Palestinian Authority President Mahmoud Abbas said in an interview that aired Tuesday he would only accept an Israeli military presence in the West Bank for up to three years in the transition period following any peace deal.
“The transitional period between the signing of a peace agreement with Israel and the final withdrawal of all IDF troops from the West Bank cannot exceed three years,” Abbas said, according to the Jerusalem Post.
Abbas’ stance conflicts starkly with the Israeli position, which seeks a gradual withdrawal, lasting between 10 and 50 years. “Whoever proposes 10-15 years for a transition period does not want to withdraw,” Abbas continued. However, the Palestinian leader qualified that he is willing to have a third party assume Israel’s place after the withdrawal in order to “soothe our concerns and Israel’s and ensure both sides that things will continue as normal.”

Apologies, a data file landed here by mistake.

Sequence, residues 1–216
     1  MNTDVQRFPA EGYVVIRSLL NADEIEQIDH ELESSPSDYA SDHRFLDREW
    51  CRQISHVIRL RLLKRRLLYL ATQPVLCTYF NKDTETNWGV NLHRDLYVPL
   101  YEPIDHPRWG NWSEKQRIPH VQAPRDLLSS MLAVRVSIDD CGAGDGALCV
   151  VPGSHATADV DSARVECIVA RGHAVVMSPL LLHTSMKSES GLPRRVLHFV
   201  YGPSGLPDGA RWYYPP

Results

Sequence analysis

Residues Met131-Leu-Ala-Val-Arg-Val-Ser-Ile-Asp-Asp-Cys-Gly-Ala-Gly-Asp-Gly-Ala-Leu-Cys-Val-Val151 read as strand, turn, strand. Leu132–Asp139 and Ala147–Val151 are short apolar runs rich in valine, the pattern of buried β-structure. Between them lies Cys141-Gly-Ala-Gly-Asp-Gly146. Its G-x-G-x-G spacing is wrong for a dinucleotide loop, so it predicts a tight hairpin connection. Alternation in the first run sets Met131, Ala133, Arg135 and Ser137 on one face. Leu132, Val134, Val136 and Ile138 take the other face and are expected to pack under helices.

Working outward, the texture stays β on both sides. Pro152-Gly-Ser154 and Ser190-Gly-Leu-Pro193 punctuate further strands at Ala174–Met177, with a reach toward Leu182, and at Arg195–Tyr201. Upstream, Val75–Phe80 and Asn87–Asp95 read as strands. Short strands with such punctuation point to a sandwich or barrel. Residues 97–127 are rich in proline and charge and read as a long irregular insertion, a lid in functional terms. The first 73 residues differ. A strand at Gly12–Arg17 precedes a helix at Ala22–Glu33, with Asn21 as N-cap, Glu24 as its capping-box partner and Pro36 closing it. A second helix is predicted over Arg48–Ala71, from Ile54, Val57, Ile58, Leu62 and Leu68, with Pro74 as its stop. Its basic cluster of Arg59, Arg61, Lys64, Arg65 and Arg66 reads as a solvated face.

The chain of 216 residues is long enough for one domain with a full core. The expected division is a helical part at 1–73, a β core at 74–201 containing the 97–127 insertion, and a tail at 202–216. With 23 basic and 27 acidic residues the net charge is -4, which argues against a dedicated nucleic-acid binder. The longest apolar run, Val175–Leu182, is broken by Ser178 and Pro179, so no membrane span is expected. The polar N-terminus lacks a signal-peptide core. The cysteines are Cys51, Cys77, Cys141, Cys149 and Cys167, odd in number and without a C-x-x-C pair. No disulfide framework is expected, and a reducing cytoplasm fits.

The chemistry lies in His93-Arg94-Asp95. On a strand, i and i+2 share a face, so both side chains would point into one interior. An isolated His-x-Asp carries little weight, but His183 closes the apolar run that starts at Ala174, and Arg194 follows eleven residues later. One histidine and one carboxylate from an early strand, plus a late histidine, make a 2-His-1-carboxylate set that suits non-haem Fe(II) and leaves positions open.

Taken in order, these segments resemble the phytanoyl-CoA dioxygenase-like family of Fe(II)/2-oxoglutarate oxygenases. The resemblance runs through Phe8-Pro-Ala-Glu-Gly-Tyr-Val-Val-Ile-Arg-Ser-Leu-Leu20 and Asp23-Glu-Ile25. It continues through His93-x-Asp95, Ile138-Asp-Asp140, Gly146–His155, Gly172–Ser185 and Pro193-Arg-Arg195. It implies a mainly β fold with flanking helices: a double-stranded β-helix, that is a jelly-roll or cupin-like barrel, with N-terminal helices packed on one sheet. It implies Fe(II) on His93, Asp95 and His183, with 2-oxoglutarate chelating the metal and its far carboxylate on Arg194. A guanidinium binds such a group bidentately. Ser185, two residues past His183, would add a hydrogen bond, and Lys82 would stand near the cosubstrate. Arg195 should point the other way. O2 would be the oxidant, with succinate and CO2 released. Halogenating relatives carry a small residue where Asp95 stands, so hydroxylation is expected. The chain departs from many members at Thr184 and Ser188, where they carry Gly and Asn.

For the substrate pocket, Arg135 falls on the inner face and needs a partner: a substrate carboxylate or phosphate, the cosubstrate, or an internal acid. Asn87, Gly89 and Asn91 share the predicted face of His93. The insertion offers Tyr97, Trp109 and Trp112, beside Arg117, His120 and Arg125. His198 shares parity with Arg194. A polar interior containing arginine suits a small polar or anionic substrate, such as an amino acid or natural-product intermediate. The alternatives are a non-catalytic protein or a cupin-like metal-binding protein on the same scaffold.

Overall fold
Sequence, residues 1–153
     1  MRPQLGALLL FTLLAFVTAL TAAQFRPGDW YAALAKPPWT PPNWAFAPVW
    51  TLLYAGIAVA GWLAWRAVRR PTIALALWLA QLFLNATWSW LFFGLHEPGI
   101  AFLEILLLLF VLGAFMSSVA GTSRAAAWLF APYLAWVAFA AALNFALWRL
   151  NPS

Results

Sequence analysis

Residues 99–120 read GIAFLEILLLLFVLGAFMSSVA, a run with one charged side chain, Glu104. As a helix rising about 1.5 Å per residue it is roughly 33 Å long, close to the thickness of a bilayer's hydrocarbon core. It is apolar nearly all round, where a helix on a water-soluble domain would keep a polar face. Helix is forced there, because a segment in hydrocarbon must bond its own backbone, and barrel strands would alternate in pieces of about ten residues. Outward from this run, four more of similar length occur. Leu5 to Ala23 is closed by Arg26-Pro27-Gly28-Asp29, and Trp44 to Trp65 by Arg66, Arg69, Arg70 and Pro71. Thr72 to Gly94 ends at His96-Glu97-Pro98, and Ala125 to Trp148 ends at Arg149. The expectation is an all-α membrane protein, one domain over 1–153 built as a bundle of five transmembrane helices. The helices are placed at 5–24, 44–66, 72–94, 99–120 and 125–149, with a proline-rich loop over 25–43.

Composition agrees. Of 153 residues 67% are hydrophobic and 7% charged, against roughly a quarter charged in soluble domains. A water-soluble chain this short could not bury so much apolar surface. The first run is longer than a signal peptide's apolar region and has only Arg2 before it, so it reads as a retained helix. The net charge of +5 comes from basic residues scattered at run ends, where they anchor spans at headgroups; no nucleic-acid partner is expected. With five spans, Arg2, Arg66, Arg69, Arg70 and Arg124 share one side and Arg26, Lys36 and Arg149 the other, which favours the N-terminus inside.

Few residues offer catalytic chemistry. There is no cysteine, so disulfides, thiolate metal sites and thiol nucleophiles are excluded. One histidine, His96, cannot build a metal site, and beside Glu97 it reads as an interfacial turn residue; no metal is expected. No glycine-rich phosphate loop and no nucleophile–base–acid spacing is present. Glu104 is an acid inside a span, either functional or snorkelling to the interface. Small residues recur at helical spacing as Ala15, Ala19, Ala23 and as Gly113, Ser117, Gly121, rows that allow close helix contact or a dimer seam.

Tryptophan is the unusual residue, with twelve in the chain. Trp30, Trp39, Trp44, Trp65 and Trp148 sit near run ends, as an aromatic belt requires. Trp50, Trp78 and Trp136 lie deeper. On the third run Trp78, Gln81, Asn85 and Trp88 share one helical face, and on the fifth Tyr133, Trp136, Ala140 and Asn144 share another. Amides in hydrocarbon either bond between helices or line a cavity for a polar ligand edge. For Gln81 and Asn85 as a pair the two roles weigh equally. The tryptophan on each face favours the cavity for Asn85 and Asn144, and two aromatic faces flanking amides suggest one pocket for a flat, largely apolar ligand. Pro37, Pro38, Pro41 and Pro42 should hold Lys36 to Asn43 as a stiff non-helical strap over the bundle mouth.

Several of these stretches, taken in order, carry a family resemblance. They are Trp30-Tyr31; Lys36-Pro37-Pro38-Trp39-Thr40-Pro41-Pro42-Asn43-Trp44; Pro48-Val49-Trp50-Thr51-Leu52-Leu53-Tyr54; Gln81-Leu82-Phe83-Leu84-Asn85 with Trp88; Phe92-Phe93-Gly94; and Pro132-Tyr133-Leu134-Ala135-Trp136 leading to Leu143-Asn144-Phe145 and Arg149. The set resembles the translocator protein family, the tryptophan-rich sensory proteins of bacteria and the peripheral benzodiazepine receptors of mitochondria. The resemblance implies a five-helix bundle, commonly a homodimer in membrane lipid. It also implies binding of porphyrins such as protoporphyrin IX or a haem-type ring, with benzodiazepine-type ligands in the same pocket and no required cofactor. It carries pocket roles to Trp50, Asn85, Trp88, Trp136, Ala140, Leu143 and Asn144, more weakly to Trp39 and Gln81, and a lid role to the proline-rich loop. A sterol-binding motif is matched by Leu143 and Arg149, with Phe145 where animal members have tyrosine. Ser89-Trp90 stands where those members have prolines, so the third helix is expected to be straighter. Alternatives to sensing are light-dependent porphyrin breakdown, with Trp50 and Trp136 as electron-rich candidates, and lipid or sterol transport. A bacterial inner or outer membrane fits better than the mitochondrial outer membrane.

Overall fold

His comments, which have not yet been addressed by Netanyahu, raise the question: who would serve as the “third party” in such a scenario? Abbas suggested NATO as a “suitable party.” Israel, however, feels only its own soldiers can be depended upon to ensure security in the West Bank.
When Abbas was asked how he would get Hamas to comply with any peace agreements, he responded, “Hamas is not a problem, just leave it to us.” Israeli leadership would likely not be comfortable ‘leaving’ the situation in the West Bank uncensored—the security concerns would be too great.